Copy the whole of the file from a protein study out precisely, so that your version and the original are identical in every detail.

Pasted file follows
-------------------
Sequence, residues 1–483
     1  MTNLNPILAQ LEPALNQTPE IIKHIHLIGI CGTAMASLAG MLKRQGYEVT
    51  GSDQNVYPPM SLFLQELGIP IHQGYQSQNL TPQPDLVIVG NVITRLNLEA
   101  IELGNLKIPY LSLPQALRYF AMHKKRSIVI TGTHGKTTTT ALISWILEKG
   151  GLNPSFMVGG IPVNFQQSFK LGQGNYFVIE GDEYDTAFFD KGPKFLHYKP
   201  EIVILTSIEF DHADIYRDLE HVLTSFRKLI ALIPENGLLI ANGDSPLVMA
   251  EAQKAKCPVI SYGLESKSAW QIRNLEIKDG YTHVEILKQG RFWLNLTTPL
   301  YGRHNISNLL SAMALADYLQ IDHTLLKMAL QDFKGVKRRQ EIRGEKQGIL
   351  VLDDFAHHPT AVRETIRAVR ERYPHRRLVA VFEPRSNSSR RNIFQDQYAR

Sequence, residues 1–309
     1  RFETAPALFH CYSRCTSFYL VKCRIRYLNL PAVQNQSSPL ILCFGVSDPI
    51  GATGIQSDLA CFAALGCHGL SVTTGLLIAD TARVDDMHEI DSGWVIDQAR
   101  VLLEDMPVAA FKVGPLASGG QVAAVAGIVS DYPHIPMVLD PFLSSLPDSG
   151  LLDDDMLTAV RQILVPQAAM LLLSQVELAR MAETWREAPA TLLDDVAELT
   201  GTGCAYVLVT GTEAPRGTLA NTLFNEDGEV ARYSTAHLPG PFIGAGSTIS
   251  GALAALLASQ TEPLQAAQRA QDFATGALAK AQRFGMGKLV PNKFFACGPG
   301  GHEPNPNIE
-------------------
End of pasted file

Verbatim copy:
Sequence, residues 1–483
     1  MTNLNPILAQ LEPALNQTPE IIKHIHLIGI CGTAMASLAG MLKRQGYEVT
    51  GSDQNVYPPM SLFLQELGIP IHQGYQSQNL TPQPDLVIVG NVITRLNLEA
   101  IELGNLKIPY LSLPQALRYF AMHKKRSIVI TGTHGKTTTT ALISWILEKG
   151  GLNPSFMVGG IPVNFQQSFK LGQGNYFVIE GDEYDTAFFD KGPKFLHYKP
   201  EIVILTSIEF DHADIYRDLE HVLTSFRKLI ALIPENGLLI ANGDSPLVMA
   251  EAQKAKCPVI SYGLESKSAW QIRNLEIKDG YTHVEILKQG RFWLNLTTPL
   301  YGRHNISNLL SAMALADYLQ IDHTLLKMAL QDFKGVKRRQ EIRGEKQGIL
   351  VLDDFAHHPT AVRETIRAVR ERYPHRRLVA VFEPRSNSSR RNIFQDQYAR

Sequence, residues 1–309
     1  RFETAPALFH CYSRCTSFYL VKCRIRYLNL PAVQNQSSPL ILCFGVSDPI
    51  GATGIQSDLA CFAALGCHGL SVTTGLLIAD TARVDDMHEI DSGWVIDQAR
   101  VLLEDMPVAA FKVGPLASGG QVAAVAGIVS DYPHIPMVLD PFLSSLPDSG
   151  LLDDDMLTAV RQILVPQAAM LLLSQVELAR MAETWREAPA TLLDDVAELT
   201  GTGCAYVLVT GTEAPRGTLA NTLFNEDGEV ARYSTAHLPG PFIGAGSTIS
   251  GALAALLASQ TEPLQAAQRA QDFATGALAK AQRFGMGKLV PNKFFACGPG
   301  GHEPNPNIE